Something as simple as high school maths can have a dramatic impact on your trading.

A trader's current views of probability could be completely wrong, and they could very well be why they are not making money in the markets.

For eg., any coin toss has a 50% chance of being right. In other words, a coin toss has a 50% probability of giving either a head or tail. This is similar to taking a long position and not knowing if it will result in profit or loss the next day (or month). But the probability of a profit or loss is still 50%.

Let's assume that at a given moment in time the stock could just as easily move up as it could move down. Thus our probability of making a profit (whether short or long) on a position is 50%. Where people make a mistake is in assuming that after a series of "winning trades" the chances of a losing trade increase. This is a common misconception. Each event still has a 50% probability irrespective or previous outcomes.

Our odds of success are still 50% irrespective of what the previous outcomes were! People lose thousands of rupees in the markets by failing to realize this.

The reason this is so important is that often, when traders get into the market, they mistake a string of profits as sign of skill or intelligence (and vice versa). This is simply not true.

Put differently, a series of profitable trades does NOT make a trader a genius or an intelligent person. The probability of the next trade working out profitable is still 50%.

This also means that a trader should not increase his or her position size or take on more risk (relative to position size) simply because of a string of wins, which should not be assumed to occur as a result of skill. It also means that a trader should not decrease position size after having a long, profitable run.

This information should be good news. For new traders, it means that their researched trading system may not be faulty, but rather is experiencing a random run of bad results (or it may still need some refining). It also should put pressure on those who have been profitable to continually monitor their strategies so they remain profitable.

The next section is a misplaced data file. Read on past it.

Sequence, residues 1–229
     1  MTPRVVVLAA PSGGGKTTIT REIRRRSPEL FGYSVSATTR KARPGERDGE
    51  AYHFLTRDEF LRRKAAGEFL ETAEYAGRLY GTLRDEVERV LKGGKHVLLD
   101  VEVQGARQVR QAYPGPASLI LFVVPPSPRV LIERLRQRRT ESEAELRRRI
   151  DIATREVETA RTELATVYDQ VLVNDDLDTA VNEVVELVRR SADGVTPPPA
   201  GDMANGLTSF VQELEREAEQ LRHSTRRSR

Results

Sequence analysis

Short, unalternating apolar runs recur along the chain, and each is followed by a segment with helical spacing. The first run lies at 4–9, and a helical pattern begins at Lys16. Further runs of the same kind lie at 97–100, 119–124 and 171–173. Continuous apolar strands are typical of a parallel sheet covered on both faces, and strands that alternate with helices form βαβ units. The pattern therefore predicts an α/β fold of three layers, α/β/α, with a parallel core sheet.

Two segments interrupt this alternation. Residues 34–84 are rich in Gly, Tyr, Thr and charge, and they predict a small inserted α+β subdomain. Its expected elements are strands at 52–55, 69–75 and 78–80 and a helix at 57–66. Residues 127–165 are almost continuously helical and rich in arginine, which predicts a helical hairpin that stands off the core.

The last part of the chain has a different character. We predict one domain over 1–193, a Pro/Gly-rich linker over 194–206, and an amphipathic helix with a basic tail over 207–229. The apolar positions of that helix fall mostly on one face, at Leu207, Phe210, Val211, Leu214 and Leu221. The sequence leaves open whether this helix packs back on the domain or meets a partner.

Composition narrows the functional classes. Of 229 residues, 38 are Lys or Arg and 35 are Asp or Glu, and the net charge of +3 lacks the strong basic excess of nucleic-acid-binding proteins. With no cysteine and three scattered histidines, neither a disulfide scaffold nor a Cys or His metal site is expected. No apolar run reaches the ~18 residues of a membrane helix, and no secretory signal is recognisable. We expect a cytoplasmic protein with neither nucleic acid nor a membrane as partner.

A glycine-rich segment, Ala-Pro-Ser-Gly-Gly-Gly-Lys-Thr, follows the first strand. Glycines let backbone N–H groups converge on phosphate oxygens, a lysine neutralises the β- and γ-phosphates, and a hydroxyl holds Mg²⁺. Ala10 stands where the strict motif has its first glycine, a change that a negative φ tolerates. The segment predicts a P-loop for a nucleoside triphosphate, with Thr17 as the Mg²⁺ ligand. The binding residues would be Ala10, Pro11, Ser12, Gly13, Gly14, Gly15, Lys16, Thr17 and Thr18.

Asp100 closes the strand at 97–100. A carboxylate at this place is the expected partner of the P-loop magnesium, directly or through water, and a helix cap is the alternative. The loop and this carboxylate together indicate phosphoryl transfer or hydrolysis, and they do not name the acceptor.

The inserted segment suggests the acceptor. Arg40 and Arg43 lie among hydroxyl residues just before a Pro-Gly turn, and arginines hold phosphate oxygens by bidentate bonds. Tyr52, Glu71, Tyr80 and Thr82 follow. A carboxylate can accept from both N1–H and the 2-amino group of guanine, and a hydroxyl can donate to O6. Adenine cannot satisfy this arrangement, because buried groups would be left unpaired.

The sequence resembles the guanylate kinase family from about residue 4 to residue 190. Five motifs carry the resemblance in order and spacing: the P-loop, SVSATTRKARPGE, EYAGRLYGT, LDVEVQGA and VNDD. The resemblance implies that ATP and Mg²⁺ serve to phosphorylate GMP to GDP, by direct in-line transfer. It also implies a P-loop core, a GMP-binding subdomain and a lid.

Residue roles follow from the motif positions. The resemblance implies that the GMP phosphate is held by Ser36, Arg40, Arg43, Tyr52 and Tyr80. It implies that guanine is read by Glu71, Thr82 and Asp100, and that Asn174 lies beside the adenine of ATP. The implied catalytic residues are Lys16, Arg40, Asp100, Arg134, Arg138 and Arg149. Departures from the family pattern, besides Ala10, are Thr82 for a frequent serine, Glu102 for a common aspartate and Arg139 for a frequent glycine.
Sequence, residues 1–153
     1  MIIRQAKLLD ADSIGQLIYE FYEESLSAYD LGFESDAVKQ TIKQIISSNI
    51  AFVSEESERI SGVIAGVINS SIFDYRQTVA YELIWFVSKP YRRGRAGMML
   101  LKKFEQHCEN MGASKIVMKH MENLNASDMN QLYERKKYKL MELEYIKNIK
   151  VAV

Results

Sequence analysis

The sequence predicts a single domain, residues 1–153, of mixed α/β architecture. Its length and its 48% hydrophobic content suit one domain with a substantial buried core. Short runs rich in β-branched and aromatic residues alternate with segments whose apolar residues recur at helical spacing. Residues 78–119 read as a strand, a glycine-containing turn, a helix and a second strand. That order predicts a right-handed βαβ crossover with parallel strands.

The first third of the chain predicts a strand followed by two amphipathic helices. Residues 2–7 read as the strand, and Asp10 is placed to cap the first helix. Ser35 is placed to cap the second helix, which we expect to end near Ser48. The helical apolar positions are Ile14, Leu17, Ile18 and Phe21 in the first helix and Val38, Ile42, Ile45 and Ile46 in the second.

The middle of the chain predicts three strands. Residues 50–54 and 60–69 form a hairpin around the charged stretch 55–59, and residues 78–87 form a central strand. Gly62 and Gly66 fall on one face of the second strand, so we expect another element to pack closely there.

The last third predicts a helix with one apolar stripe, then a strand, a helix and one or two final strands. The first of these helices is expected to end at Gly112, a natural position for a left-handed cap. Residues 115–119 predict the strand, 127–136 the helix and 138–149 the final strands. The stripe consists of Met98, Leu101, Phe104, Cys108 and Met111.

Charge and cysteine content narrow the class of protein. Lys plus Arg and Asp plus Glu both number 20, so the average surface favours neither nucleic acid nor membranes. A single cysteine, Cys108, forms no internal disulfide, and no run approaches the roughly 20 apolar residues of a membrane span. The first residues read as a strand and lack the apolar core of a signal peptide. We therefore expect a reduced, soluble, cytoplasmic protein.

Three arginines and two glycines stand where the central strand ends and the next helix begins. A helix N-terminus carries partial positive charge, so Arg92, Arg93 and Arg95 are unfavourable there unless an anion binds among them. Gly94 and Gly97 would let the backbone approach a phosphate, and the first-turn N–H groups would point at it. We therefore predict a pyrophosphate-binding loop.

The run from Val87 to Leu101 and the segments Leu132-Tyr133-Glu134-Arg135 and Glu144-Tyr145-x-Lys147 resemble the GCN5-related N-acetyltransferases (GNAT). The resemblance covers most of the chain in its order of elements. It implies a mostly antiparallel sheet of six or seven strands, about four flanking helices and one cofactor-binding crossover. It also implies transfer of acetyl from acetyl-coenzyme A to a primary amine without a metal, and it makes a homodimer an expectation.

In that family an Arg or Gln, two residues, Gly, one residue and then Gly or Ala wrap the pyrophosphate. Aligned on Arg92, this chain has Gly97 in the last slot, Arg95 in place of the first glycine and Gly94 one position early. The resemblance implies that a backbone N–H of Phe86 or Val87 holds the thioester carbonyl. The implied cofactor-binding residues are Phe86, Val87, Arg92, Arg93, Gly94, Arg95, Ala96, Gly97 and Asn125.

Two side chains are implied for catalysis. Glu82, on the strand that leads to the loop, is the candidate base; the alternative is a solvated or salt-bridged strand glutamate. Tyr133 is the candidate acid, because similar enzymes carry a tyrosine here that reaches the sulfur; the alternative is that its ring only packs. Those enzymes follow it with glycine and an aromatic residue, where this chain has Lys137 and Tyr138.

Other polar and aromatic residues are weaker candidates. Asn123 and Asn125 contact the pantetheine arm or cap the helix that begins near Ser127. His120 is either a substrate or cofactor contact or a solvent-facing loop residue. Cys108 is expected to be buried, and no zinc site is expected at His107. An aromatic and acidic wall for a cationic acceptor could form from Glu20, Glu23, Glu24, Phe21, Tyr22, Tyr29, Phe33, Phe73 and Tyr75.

A trader's current views of probability could be completely wrong, and they could very well be why they are not making money in the markets.

For eg., any coin toss has a 50% chance of being right. In other words, a coin toss has a 50% probability of giving either a head or tail. This is similar to taking a long position and not knowing if it will result in profit or loss the next day (or month). But the probability of a profit or loss is still 50%.

Let's assume that at a given moment in time the stock could just as easily move up as it could move down. Thus our probability of making a profit (whether short or long) on a position is 50%. Where people make a mistake is in assuming that after a series of "winning trades" the chances of a losing trade increase. This is a common misconception. Each event still has a 50% probability irrespective or previous outcomes.

Our odds of success are still 50% irrespective of what the previous outcomes were! People lose thousands of rupees in the markets by failing to realize this.

The reason this is so important is that often, when traders get into the market, they mistake a string of profits as sign of skill or intelligence (and vice versa). This is simply not true.

Put differently, a series of profitable trades does NOT make a trader a genius or an intelligent person. The probability of the next trade working out profitable is still 50%.

This also means that a trader should not increase his or her position size or take on more risk (relative to position size) simply because of a string of wins, which should not be assumed to occur as a result of skill. It also means that a trader should not decrease position size after having a long, profitable run.

This information should be good news. For new traders, it means that their researched trading system may not be faulty, but rather is experiencing a random run of bad results (or it may still need some refining). It also should put pressure on those who have been profitable to continually monitor their strategies so they remain profitable.

**NOTE:**Trends exist in stock markets so this might not make markets a 50/50 gamble. Stock prices tend to run in a certain direction over periods of time and this means that traders can be profitable on a faily consistent basis if they follow trends.
So while we will have "fat tails" in the bell distribution curve, the core concepts of probability and risk management do not change. It still means that a string of profits does not mean you have a skill or you are a genius.

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In above example, chance of getting 3 consecutive heads or tails is 1/8 and is the same as any other combination. But the chance of the next toss giving head or tail is still 0.5 or 50% and is independent of previous outcomes.

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